name who controlled the area in the distant past. When I was there, it was off by itself in an empty field; we had to climb over a fence and were alone in exploring it, which no doubt added to its ghostly feel. I think now there’s a parking lot nearby, but there wasn’t then.
The description of Dhu Heartach was taken from A Star for Seamen, by Craig Mair. Work on Dhu Heartach was completed in November 1872.
Corsewall was built in 1817, Cape Wrath in 1828, Berneray in 1833, and Cairn Point in 1847, all by the Stevenson family of engineers.
The Glenelg Clearances: My descriptions of the Glenelg Clearances are an amalgam of evictions over the years, from various areas. In reality, Glenelg was cleared more than once, with the biggest eviction (500 people) occurring in 1849, and it did not happen exactly how I’ve portrayed it. The anguish I describe encapsulates almost every account I studied of people being cleared from their ancestral homes, but some were done in a more humane fashion than others, and in some instances, it was the crofters themselves who petitioned to be cleared. There are arguments about the Clearances, whether they were good or bad, kind or cruel, and I am not putting myself into those arguments. I had a vision of being a crofter in those days, of living on land my family had lived on for generations, of having everything fall apart, and of being relocated to a far away country, and that’s what I wrote.
Randall Benedict, the story’s landowner at the time of the Glenelg clearings, is my invention, and bears no resemblance to any true-life landowners.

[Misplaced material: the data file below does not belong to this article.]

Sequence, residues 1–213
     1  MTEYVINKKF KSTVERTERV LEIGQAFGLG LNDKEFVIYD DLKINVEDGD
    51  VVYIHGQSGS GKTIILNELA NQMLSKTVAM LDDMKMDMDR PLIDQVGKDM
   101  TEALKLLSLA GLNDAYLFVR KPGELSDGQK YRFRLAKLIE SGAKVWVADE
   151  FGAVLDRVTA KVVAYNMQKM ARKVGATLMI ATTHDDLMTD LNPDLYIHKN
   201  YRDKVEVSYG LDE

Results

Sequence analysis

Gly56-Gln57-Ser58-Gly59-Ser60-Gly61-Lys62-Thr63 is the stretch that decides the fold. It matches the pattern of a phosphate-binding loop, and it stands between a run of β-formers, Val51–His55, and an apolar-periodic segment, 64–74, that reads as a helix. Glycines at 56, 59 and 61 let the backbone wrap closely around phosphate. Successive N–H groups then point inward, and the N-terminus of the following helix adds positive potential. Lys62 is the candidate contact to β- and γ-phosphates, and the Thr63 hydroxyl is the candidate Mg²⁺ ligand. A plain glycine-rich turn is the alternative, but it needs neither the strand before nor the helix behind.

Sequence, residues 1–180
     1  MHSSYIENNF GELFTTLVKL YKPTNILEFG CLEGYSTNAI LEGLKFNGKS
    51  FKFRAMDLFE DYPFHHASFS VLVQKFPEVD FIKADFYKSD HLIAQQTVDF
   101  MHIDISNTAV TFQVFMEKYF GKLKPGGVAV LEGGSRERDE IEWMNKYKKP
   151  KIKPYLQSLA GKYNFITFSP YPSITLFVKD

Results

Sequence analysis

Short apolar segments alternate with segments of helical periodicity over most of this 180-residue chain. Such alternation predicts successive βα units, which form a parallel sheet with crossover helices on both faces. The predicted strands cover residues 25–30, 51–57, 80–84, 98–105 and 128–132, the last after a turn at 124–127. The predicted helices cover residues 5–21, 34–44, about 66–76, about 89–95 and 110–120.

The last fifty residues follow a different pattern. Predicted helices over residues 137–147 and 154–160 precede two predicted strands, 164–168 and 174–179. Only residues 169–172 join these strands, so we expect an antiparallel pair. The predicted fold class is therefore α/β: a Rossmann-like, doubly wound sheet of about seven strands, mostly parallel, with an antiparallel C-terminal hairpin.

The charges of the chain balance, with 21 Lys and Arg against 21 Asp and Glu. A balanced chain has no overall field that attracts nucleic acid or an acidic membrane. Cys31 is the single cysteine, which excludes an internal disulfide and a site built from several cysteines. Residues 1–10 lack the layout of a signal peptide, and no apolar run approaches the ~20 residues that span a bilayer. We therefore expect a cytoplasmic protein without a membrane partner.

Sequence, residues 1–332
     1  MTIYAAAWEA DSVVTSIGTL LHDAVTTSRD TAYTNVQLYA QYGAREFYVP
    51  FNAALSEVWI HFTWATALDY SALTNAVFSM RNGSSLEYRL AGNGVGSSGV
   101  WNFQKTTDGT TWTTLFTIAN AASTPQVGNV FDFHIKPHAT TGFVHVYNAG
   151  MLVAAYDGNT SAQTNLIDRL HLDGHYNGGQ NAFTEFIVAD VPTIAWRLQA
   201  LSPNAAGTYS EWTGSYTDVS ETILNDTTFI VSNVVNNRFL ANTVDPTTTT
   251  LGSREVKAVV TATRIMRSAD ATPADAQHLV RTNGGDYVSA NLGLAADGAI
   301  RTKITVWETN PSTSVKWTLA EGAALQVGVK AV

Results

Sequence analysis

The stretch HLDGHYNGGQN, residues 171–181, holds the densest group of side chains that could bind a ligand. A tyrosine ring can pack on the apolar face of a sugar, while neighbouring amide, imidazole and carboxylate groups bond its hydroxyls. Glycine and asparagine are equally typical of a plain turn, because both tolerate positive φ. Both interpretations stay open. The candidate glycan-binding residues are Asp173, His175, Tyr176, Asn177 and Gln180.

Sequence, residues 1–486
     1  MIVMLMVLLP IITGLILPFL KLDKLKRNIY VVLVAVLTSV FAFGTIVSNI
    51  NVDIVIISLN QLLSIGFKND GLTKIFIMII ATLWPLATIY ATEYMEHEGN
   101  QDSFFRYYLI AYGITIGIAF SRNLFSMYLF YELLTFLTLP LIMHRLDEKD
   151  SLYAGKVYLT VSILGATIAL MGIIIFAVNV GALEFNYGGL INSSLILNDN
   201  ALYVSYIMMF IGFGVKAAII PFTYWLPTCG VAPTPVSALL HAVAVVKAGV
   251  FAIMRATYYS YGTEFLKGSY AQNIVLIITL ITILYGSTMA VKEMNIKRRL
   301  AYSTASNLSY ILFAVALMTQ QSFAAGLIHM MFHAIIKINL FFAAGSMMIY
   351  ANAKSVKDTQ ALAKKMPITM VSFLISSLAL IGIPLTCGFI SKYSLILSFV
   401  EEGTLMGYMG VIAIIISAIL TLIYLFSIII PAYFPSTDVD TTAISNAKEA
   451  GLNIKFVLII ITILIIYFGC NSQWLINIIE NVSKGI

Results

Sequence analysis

In the late eighteen hundreds, the Highlands of Scotland were gradually converted from sheep farms to open parks for killing deer and birds. The pastime was popular among the wealthy British.
The Macleods did own the land around Glenelg in the 1600s, and would have been the builders of Kilgarry, (if Kilgarry existed. Which it didn’t— doesn’t. Kilgarry is my invention.)
My descriptions of Glenelg are not exactly what one would see these days, because I was trying to envision what the area might have looked like in the 1870s. I think there would have been more forest and less agriculture.
The Five Sisters of Kintail: it’s a nice label, although not used in Gaelic, and much easier than listing each one individually:
Sgùrr nan Spàinteach (The Peak of the Spaniards): Sgùrr na Ciste Duibhe (The Peak of the Black Chest): Sgùrr Fhuaran (The Peak of the Springs): Sgùrr nan Saighead (The Peak of the Arrows): Sgùrr na Càrnach (The Peak of the Stony Place)
In August of 1872 a sea serpent was indeed sighted and documented swimming through the straits of Kylerhea off Glenelg’s coast.